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Tuesday, May 23, 2017
Article written by Joe Pagano

Do Your Kids a Favor - Take Away the Calculator

The kids of today are so different from those of only a generation ago. Heck. Iím quite computer literate and am pretty good with electronic gadgets, but I canít even place a close second to my two kidsí ability with video games and other technological toys. Yet this ability with gadgets has placed our children at a disadvantage as well. You see. They have come to lean too heavily on the electronic calculator, and this dependency has severely weakened their ability in math.

The calculator is a great tool, and knowing how to use one is important in the mathematical education of any child. However, the ubiquity of this compact tool has made our children incapable of doing simple arithmetic. After all, human nature dictates that it is easier to use this tool than to bother thinking of how to do arithmetic calculations. Newtonís Law of Inertia cries out, ďA mind at rest, tends to stay at rest.Ē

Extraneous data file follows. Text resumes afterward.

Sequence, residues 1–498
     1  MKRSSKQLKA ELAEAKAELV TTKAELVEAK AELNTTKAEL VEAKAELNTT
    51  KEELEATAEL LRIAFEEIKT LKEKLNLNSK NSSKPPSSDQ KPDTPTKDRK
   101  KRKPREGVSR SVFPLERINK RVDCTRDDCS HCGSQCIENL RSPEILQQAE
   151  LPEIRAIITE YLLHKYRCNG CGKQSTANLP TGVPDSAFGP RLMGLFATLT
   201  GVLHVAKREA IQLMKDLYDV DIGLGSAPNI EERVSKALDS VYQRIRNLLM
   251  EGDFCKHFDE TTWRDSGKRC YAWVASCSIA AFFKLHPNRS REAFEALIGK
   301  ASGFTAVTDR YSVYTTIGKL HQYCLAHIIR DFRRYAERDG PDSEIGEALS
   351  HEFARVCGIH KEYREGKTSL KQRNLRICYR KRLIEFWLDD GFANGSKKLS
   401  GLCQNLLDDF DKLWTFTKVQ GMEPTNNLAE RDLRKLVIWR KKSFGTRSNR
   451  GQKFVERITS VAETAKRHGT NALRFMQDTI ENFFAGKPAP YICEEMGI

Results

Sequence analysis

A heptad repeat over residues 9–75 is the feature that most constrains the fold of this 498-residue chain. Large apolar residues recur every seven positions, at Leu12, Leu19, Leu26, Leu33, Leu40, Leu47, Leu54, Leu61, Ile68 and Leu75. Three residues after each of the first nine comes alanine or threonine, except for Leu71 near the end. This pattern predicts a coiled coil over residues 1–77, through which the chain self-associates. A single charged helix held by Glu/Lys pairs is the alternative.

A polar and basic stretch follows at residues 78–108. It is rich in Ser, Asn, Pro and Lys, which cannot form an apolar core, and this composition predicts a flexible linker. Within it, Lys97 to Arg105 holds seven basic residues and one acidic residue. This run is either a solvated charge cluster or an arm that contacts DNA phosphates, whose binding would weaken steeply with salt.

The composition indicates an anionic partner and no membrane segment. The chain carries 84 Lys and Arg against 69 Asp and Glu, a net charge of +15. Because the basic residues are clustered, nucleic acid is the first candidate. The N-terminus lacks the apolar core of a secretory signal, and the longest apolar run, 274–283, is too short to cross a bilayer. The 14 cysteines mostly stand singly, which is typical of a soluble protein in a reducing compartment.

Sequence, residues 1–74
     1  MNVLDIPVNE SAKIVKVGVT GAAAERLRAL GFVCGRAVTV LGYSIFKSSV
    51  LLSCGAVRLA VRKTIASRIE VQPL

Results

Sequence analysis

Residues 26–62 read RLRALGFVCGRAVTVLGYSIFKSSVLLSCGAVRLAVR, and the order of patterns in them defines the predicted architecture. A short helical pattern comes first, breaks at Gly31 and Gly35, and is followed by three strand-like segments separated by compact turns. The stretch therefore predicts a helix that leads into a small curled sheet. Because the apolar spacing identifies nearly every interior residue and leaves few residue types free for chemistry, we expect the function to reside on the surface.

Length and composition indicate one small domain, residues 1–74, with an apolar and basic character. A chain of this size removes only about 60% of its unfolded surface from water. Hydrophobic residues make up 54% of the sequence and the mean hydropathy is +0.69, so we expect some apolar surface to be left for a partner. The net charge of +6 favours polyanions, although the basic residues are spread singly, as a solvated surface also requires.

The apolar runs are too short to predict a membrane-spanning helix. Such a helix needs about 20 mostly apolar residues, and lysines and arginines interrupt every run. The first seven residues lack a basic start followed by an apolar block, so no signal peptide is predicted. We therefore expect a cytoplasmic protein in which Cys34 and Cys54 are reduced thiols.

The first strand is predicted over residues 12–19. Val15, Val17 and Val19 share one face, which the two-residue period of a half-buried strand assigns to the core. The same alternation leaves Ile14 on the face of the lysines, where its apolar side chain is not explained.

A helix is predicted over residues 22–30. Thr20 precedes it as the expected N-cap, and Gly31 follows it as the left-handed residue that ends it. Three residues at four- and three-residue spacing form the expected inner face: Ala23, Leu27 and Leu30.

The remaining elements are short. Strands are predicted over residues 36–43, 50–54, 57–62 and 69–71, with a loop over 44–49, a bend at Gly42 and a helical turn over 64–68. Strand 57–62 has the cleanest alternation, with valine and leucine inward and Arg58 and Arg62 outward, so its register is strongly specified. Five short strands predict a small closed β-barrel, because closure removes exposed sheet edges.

Even good students today are poor at doing mental arithmetic. Knowing the times table is not that important because the calculator is right at hand. Even the cell phones have calculators in them. So why bother to memorize 7x8 or 4x9? All one has to do is punch the numbers in the calculator and out pops the answer. But what a disadvantage this great tool has given to the current generation.

All mathematics begins with and has its foundations in numbers. No matter how high up the mathematical ladder you go, the roots are found in numbers. Understand the basics of these unusual and highly fascinating creatures and you have paved the way for a smooth ride in this challenging discipline. The student who feels comfortable working with numbers and doing calculations with them, without resorting to the omnipresent calculator, will always fare better in mathematics than the student who is uncomfortable with these entities. Moreover, the exercise the brain gets from doing mental arithmetic is well worth any effort expended as such activity pays very nice dividends in the form of a sharper wit.

So do your kids a favor, parents. Take away the calculator and let your kids do their math homework without it. They may struggle at first, and they may not like this deal; but before long they will be thanking you for giving them the gift of a lifetime: the ability to succeed at math and the joy that comes from doing so.

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